The spiritual rhythms are continually changing so acting appropriately requires that we be flexible. Behaviour that is prescribed or habitual is not likely to be adequately responsive to change. Ritual activities according to fixed calendars are more likely to frustrate the spiritual rhythms than enhance them.

Occasions when action is spiritually appropriate are relatively infrequent so once one is able to refrain from unnecessary expressions of personal power, the bulk of one's time is spent in spiritually neutral activity. Spiritual readiness is a full-time occupation but spiritual activity is not.

An activity that is spiritually appropriate is not necessarily socially appropriate or personally convenient; nor might personal or social convenience be spiritually appropriate. For example, one may be rushing to keep an appointment while the Oracle is indicating that Love is spiritually appropriate right now. Getting one's actions appropriate to all conditions can be tricky and compromise may be needed.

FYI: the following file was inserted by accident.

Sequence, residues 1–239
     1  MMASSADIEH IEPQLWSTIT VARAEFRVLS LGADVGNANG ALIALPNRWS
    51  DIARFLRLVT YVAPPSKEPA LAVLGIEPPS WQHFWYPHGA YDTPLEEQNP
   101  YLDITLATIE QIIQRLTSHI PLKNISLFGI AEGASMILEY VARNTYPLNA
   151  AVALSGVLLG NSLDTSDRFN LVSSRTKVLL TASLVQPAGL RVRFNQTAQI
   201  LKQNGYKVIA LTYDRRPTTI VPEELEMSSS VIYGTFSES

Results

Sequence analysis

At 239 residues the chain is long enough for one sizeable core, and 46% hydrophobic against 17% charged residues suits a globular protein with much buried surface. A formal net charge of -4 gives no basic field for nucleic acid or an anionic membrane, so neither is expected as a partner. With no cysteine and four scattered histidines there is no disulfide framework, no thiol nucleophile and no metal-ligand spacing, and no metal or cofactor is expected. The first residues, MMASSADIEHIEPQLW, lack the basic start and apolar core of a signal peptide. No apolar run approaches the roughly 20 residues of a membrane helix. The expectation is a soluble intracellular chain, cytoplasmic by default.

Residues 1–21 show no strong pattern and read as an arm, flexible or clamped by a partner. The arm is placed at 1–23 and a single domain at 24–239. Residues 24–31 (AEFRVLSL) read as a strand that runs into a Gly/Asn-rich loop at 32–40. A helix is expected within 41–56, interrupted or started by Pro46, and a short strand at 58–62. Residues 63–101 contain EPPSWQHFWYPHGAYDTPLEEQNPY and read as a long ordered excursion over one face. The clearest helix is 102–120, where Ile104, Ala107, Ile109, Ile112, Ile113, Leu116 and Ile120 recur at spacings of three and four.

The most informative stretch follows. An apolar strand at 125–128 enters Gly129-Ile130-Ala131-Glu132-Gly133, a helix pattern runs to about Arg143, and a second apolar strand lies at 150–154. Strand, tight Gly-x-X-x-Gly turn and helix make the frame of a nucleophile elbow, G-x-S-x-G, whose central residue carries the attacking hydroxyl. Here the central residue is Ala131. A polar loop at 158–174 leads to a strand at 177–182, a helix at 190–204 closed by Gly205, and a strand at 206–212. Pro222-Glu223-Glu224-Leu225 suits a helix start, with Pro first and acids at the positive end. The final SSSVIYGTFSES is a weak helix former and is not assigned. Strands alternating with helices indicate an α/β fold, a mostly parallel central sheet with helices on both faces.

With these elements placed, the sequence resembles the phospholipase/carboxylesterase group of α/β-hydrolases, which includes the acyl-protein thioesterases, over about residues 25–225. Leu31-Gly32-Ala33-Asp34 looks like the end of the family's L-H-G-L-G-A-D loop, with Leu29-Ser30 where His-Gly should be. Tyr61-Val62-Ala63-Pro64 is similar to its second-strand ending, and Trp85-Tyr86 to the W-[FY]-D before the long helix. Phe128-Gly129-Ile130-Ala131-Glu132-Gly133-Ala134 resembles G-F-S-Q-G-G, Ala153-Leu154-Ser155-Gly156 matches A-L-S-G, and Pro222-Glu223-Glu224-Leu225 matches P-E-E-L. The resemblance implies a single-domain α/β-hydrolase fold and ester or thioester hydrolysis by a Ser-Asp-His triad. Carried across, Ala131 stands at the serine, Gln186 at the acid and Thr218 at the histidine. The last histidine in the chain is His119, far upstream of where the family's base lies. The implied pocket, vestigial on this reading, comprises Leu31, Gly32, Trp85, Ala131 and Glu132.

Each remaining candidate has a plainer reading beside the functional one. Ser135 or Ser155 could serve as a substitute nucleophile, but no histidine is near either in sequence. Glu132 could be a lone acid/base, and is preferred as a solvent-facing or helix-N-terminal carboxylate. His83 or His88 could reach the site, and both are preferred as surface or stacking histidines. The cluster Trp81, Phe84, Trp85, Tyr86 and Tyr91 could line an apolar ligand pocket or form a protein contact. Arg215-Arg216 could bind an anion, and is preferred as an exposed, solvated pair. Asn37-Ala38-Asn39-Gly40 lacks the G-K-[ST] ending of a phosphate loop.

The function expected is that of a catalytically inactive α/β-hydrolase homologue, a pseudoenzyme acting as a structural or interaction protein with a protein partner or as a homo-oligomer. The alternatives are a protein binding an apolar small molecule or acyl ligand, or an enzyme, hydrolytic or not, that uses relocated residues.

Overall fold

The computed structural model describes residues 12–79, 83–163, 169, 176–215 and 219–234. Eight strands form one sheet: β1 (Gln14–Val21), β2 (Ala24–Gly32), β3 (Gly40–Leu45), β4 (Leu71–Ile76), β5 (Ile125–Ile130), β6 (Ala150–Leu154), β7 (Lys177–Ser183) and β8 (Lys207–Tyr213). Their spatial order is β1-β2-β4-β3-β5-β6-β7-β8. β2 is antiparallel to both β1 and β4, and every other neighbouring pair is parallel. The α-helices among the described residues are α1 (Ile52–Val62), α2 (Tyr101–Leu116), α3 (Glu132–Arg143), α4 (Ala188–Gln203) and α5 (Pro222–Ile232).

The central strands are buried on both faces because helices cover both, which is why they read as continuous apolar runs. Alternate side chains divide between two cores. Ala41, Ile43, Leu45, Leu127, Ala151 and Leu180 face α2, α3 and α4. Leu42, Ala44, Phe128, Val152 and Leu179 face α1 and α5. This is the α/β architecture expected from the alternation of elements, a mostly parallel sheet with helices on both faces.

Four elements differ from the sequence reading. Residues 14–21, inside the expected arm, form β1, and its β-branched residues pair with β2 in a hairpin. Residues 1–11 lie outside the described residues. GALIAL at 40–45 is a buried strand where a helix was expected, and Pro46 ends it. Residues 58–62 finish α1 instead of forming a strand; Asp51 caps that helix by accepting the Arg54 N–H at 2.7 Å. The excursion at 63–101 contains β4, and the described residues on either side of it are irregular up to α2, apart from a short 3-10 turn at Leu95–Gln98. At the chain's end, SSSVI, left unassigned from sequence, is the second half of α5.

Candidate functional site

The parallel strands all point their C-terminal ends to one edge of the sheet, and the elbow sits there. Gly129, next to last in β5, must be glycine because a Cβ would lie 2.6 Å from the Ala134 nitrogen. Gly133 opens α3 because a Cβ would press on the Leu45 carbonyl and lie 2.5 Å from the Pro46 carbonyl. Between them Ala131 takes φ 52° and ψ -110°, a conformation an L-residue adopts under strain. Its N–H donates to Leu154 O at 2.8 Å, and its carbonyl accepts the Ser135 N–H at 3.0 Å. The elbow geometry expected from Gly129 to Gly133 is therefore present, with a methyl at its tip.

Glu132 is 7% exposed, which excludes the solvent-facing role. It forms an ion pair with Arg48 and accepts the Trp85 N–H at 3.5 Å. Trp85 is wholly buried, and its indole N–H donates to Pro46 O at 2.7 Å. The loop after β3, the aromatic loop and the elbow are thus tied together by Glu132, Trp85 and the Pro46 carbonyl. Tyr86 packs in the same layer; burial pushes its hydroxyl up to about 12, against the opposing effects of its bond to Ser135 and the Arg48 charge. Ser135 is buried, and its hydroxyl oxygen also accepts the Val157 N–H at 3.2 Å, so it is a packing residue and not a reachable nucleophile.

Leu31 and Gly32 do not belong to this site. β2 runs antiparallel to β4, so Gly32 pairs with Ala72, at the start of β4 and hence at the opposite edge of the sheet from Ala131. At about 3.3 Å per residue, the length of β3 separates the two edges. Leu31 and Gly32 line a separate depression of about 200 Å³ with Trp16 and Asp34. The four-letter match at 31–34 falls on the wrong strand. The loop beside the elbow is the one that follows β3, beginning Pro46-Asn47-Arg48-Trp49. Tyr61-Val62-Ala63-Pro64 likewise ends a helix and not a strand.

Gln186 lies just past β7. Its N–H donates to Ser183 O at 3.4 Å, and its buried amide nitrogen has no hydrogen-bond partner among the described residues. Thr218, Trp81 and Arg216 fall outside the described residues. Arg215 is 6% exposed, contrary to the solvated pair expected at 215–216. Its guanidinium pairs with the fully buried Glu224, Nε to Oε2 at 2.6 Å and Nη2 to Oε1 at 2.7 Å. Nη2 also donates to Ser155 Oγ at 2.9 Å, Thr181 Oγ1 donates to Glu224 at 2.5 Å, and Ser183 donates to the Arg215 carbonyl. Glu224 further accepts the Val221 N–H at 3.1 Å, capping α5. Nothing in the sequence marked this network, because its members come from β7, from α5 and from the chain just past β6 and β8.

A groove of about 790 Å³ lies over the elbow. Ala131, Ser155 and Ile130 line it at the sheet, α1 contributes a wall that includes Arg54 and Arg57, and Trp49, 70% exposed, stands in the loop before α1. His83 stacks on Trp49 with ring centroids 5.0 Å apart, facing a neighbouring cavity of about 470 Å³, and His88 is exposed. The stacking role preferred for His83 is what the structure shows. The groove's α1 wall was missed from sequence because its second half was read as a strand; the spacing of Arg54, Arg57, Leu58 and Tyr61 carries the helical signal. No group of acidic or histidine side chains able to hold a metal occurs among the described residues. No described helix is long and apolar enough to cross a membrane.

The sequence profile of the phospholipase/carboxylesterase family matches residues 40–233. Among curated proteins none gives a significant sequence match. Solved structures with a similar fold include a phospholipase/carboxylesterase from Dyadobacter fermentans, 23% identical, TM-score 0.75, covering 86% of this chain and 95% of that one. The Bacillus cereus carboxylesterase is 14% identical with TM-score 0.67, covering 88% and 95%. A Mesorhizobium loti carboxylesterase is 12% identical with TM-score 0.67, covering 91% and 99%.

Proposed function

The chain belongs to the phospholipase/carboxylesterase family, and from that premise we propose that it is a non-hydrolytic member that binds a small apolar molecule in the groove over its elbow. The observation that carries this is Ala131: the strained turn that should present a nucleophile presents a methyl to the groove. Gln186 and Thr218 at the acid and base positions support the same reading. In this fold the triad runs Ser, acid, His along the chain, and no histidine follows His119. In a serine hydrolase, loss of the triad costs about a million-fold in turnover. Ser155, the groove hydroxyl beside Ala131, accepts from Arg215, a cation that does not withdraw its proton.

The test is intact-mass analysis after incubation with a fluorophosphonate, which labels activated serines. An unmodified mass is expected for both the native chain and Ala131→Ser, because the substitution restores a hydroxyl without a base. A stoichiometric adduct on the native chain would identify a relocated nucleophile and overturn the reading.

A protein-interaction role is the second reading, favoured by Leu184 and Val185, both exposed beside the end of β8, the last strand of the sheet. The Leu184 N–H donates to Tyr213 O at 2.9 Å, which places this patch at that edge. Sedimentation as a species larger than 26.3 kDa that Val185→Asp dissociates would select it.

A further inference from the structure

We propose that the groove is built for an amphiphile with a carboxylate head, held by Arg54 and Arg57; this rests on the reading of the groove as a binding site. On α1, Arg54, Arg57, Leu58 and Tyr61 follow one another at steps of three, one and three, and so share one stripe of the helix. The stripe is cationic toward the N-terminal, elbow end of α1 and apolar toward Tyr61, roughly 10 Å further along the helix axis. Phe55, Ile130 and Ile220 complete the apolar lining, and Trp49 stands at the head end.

The Oracle often encourages us to act even if it means compromising our ideals. Forcing an ideal will often put one out of touch with reality rather than allowing one to find its rhythms. Demanding perfection can lead to isolation and an imperfect but real encounter is often preferable to no encounter at all. This does not mean that we should not have ideals but that any steps we take to implement them should firstly take into account the actual conditions of the moment. Acknowledging reality for what it actually is is the first step to finding harmony.